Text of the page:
Insurance brokers are responsible for identifying and organizing suitable insurance cover for commercial organizations and private clients. As an insurance broker you will use your in-depth knowledge of risks and the insurance market to find and arrange suitable insurance policies and arrange cover for your clients.
You will act as an intermediary between your clients, who can either be individuals, commercial businesses and organizations, and insurance companies, and will offer products from more than one insurer to ensure that your clients get the best deal.
Types of insurance broker
- Retail insurance brokers – usually arrange insurance policies for individuals or companies and deal directly with them. Retail insurance brokers also deal with employer’s liability and public and products liability insurance.
- Commercial insurance brokers – deal with high-value and more complex insurance cover in areas such as oil and gas and financial risks.
Employers of insurance brokers
- Large and small brokerages
- Financial advice companies
- Insurance or reinsurance companies
- Insurance risk management departments
- gather information from your clients, assessing their insurance needs and risk profile;
- research insurance companies’ policies and negotiate with underwriters to find the most suitable insurance for your clients at the best price;
- ensure that your clients understand the terms and the extent of the cover provided in line with industry regulations;
- foresee your clients’ insurance needs, such as policy renewals or amendments;
- advise your clients on whether and when they need to make a claim on their policies;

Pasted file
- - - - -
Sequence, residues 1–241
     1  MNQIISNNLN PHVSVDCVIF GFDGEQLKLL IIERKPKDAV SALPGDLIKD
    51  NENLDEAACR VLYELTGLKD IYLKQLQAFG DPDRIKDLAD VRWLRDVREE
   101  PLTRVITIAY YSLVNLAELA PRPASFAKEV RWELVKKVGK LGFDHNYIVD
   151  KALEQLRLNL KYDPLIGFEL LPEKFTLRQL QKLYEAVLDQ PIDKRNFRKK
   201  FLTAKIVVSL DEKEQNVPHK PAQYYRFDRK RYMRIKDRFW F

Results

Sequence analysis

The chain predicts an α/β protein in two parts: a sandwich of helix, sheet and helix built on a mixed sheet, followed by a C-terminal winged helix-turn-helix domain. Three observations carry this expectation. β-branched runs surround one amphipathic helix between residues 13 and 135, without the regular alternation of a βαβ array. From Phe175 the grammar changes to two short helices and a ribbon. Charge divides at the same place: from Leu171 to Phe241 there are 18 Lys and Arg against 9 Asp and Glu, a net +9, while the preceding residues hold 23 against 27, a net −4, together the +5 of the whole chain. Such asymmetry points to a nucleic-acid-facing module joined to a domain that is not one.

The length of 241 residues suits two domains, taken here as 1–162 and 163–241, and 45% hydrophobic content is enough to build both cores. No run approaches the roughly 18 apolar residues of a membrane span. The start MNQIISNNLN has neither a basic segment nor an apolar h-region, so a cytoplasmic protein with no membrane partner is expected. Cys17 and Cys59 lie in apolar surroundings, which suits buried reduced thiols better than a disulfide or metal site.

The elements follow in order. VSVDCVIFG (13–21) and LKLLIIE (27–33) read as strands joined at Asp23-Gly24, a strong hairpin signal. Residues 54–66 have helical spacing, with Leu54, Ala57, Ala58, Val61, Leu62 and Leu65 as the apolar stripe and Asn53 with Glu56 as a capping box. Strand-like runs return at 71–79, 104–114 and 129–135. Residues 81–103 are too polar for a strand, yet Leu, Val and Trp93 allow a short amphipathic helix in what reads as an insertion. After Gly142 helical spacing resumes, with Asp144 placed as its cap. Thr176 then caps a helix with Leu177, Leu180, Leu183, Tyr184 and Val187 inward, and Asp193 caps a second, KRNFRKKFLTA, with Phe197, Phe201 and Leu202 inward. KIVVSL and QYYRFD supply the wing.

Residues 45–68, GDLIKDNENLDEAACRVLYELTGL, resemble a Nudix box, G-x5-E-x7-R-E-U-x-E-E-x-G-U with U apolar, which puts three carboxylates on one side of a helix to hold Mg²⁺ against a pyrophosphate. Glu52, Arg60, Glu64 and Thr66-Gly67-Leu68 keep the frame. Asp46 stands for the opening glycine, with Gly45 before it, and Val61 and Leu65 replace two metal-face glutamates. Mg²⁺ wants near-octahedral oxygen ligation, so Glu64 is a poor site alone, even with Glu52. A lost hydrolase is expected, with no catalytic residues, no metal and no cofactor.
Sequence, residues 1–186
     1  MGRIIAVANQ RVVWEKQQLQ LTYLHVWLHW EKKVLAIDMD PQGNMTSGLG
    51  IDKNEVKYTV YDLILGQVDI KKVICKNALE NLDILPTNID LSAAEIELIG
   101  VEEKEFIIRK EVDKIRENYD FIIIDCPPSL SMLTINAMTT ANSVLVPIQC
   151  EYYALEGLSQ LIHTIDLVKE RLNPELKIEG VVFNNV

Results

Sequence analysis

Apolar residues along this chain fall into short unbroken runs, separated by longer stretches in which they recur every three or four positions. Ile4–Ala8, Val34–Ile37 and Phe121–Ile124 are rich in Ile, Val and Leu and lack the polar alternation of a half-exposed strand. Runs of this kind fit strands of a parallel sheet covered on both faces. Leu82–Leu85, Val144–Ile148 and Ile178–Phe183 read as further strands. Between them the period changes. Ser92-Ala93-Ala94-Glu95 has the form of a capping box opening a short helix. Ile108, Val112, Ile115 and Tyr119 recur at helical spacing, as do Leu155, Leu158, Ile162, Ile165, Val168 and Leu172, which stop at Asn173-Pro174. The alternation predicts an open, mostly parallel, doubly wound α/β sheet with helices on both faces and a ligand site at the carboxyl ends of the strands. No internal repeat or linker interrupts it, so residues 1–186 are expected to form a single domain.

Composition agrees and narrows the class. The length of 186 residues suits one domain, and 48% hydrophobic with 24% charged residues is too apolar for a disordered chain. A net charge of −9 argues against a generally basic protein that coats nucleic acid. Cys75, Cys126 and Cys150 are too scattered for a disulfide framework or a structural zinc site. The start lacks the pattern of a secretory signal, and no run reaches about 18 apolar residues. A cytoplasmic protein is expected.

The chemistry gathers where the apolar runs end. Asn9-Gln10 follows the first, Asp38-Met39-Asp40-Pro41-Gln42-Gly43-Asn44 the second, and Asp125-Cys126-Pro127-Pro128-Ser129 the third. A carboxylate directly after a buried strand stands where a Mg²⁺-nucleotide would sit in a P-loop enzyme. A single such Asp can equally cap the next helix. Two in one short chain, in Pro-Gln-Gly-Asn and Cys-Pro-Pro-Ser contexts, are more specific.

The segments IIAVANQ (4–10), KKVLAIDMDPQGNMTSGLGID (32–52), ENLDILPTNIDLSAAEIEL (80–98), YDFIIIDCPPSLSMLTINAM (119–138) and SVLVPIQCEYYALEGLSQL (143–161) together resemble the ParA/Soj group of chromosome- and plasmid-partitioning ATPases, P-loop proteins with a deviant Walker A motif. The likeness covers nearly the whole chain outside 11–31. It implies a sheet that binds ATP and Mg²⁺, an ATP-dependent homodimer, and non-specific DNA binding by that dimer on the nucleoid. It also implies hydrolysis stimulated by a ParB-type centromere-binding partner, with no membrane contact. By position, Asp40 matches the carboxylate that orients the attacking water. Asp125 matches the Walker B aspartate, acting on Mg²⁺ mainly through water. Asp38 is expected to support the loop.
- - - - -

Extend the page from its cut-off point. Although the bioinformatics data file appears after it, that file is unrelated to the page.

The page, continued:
- arrange specialist types of insurance cover in complex cases; this may involve preparing reports for insurance underwriters and surveyors and negotiating with insurers;
- advise your clients on risk management and help to devise new ways to mitigate risks, for example, by adding security measures such as fencing, surveillance cameras or lighting to commercial properties to reduce the likelihood of a break-in;
- build and maintain ongoing relationships with your clients;
- acquire new clients and win accounts against competitors;
- keep detailed records and complete administrative tasks such as paperwork and correspondence;
- develop relationships with underwriters, surveyors, photographers, structural engineers and other professionals;
- keep up with changes in the insurance market and in your clients’ industries;
- collect insurance premiums and process accounts.
There are routes into a career as an insurance broker for both university graduates and school leavers. For graduates, a degree in any subject is acceptable, although business/management-related or numerical degrees, such as economics or maths, may be beneficial.
Although employers usually provide training in insurance-related legal issues, you’ll need to have a good understanding of the insurance industry. Make sure you research the company you’re interested in working for thoroughly and read the specialist press.
- excellent written and verbal communication skills;
- the confidence to advise and negotiate with clients and underwriters;
- the ability to build, manage and develop relationships;
- numerical skills;
- business acumen and commercial awareness;
- the ability to plan and manage your time and to work on a number of projects concurrently;
- strong problem-solving and analytical skills;
- the ability to work well in a team;
- a flexible approach to work;
- an understanding of client confidentiality and how to be discreet;
- administrative and IT skills.